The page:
Factors which may trigger a tension type headache include, but are not limited to:
- Environmental (excessive afferent input such as loud noise, bright lights)
- Psychosocial (before, during, after stress, anxiety, fear, anger, grief, depression)
- Jaw/temporomandibular joint (TMJ) occlusive problems and dysfunction causing abnormal activation of muscles of mastication (clenching/grinding)
- Impaired vision/eye strain
- Cervical spine impairments causing abnormal cervical spine muscle activation
- Poor posture & body mechanics placing cervical and TMJ muscles and joints in abnormal positions resulting in muscle activation
- Repetitive movements
Cervicogenic headaches are a newer classification of headaches that appear similar to that of a tension type headache, often making it difficult to distinguish between the two. Cervicogenic headaches are characterized by pain in the head or face that is referred from the neck due to irritation of the cervical nerve roots. Cervical nerve roots can be irritated anywhere along their route from the neck to the head. Structures that may result in nerve root irritation may include; bony structures (spine), soft tissue, or muscles in the neck.
Cervicogenic headaches can occur continually or several times per week and vary in duration pending aggravating factors. They are usually dull and aching in nature and commonly reported at the base of the skull, frontal region, or temporal region. Cervicogenic headaches can be unilateral or bilateral and be associated with dizziness, lightheadedness, nausea, visual disturbances. Headache may be relieved by lying down, supporting head, applying pressure to the sub-occipitals (muscles at the base of the skull), or using medication.
Cervicogenic headaches occur when there is irritation of the trigeminocervical nucleus, a region in the upper cervical spine where sensory nerve fibers (afferents from 7th, 9th, 10th cranial nerves) come down from the trigeminal nerve and interact with the sensory fibers (afferents from C1-3 spinal nerves) from the cervical nerve roots. This interaction can result in referred pain to the head and face. Any structure innervated by the above mentioned nerves can be a source of headache.
Factors and condition which may trigger a cervicogenic headache include, but are not limited to:
- Arthritic changes
- Degenerative Disc Disease
- Disc Herniation/Bulging Disc
- Neck injuries
- Poor posture & ergonomics
- Spinal stenosis
- Stomach sleeping
- Texting neck (looking down all the time)
- Whiplash injuries
Physical Therapy for Headaches
At Balance Solutions you will be evaluated by a skilled licensed physical therapist to determine factors contributing to your cervical condition, such as; upper cervical spine mechanics, passive intervertebral mobility (segmental movement of each vertebrae), range of motion, muscle strength, joint mobility, soft tissue mobility, postural alignment, body mechanics and your quality of movement with normal daily activities. Following a thorough evaluation, a personalized plan of care with goals will be constructed specifically to meet your individual needs.
Treatment for tension type & cervicogenic headaches may consist of the following interventions;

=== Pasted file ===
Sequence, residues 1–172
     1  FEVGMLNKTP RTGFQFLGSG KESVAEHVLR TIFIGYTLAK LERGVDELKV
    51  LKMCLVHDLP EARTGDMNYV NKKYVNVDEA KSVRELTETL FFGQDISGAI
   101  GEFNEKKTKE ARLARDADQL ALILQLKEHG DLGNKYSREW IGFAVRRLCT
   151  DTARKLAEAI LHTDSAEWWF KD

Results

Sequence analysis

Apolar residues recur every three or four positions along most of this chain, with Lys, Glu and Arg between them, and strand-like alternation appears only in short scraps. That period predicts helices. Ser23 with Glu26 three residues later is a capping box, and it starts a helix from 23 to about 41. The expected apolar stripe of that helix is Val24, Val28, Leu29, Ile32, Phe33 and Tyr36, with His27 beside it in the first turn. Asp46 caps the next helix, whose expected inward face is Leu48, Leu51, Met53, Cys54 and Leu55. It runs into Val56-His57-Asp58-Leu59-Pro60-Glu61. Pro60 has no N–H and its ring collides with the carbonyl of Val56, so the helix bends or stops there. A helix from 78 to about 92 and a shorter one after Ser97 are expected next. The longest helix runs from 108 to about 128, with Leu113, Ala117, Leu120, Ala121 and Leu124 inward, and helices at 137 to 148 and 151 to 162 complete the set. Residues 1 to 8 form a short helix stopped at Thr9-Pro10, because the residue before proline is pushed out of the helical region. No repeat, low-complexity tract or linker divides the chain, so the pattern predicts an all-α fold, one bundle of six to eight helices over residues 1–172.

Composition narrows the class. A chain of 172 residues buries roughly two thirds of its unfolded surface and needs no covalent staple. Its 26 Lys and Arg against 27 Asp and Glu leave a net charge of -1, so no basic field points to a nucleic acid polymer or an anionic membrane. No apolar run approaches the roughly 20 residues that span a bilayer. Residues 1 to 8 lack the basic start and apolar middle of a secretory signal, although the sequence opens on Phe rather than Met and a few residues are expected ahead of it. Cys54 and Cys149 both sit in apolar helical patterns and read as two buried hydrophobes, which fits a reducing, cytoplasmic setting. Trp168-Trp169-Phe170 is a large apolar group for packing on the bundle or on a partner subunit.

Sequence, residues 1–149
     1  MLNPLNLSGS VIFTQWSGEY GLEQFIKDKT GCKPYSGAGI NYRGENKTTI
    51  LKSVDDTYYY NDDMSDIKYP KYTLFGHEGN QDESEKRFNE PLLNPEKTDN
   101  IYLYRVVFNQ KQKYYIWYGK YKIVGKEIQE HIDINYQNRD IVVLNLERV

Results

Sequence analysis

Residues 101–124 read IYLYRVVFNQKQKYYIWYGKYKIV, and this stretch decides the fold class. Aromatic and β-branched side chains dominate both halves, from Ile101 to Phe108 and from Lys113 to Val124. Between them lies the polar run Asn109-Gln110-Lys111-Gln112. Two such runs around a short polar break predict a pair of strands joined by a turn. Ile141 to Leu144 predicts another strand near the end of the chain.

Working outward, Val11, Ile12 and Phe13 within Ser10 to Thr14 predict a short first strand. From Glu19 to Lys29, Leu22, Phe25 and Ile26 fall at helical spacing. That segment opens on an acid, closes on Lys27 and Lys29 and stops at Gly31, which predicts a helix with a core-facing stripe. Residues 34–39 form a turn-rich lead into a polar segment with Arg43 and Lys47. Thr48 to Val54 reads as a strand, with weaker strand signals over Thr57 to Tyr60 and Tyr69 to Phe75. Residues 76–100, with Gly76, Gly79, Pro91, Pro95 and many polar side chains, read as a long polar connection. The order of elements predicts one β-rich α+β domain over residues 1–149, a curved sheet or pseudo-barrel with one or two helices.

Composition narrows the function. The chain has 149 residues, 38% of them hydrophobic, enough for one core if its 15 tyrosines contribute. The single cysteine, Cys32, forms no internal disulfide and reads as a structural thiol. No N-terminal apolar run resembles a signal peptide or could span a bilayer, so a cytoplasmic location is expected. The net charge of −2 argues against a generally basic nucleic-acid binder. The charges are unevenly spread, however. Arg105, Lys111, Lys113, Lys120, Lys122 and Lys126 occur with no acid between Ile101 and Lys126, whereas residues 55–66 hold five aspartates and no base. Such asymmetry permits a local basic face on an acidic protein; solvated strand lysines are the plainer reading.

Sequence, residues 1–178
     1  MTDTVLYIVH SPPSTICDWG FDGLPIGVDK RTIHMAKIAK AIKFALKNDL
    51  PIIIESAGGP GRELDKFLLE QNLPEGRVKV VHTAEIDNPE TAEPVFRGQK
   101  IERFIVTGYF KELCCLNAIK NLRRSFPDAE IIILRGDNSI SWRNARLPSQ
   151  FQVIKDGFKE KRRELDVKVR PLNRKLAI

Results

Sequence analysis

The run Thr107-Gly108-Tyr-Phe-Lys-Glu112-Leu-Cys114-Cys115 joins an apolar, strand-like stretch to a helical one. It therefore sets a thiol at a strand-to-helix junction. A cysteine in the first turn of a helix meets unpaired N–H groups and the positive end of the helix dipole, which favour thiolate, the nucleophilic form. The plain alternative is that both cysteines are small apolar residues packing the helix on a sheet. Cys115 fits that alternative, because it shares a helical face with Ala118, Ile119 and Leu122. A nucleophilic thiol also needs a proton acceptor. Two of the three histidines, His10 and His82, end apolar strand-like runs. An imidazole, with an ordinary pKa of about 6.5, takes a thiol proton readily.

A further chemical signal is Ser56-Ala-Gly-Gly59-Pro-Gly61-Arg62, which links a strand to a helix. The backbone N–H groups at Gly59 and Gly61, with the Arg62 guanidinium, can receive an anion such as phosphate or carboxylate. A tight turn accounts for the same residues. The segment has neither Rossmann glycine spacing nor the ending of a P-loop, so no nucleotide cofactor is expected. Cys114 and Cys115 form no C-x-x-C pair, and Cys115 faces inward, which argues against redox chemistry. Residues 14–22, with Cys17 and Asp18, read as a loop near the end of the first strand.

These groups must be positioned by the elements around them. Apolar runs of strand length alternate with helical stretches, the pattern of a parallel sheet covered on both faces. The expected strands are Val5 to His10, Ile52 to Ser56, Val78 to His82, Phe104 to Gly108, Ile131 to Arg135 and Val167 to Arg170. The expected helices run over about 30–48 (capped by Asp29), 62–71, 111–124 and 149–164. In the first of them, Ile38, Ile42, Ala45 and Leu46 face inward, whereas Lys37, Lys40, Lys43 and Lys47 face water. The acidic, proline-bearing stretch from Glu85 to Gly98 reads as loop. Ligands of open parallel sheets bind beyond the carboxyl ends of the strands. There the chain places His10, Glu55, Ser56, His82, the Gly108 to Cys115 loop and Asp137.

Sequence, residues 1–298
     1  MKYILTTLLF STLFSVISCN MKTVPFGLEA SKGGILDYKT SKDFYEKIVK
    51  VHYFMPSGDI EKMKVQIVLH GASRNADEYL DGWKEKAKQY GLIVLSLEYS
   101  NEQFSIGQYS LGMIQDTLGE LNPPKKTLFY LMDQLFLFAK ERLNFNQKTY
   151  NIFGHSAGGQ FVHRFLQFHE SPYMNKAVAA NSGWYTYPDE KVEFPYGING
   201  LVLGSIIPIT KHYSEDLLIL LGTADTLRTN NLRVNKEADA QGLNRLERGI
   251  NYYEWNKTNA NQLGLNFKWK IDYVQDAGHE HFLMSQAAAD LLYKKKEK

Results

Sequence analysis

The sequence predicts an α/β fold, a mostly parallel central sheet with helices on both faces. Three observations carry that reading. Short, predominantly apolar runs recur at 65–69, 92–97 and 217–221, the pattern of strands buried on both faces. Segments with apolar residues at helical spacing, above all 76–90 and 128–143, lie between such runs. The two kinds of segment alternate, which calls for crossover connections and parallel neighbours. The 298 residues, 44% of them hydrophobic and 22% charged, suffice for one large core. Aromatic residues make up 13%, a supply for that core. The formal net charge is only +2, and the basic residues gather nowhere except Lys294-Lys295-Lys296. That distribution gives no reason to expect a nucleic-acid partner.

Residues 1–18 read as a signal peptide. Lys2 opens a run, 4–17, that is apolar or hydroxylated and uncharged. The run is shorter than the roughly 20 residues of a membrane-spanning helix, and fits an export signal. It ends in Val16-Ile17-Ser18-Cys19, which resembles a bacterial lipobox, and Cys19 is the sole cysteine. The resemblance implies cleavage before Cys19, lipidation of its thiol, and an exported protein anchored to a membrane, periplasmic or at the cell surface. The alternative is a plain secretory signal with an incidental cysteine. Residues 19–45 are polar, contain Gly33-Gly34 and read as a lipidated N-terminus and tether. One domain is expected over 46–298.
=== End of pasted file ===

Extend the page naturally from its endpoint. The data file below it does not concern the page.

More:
Balance Solutions therapists have been trained in many types of manual therapy techniques to effectively treat patients with cervicogenic & tension type headaches. Manual therapy is used in conjunction with therapeutic and neuromuscular re-education exercises to achieve the best possible outcomes. Manual therapy techniques can used to improve the mechanics of your cervical spine and alleviate symptoms of neck pain and headaches. Effective manual therapy intervention is used to speed up the heeling process and promote proper mechanics throughout the body. Click here to read more about manual therapy.
Proper mechanics in the cervical spine as well as shoulder girdle depend on muscle strength and tension relationships. When neck muscles are too weak or too tight more stress is placed on the ligaments and joint capsules. Tightening or shortening of the neck muscles can result in increased compression of the spine which may cause pain in the neck and wearing away of the joint surfaces. Poor shoulder mechanics may result in substitution by certain neck muscles resulting in neck pain. Therapeutic exercises can help to improve your neck and shoulder mechanics by stretching tight structures and strengthening weak muscles, restoring proper mechanics throughout your neck and shoulder regions. Click here to read more about therapeutic exercise.
Neuromuscular re-education exercises are designed to re-develop normal and controlled movement patterns. This type of exercise helps achieve a variety of goals, improving proprioception (how you sense the position of your neck, joint stabilization & biomechanics and energy efficient movement patterns. Neck injuries, repetitive stress injuries, neurological conditions, and poor posture can result in unhealthy and faulty biomechanics, making movement patters become inefficient and painful. Our therapists incorporate many neuromuscular re-education exercises to retrain and improve movement patterns, thus alleviating pain and preventing re-injury as well as improving posture and body mechanics.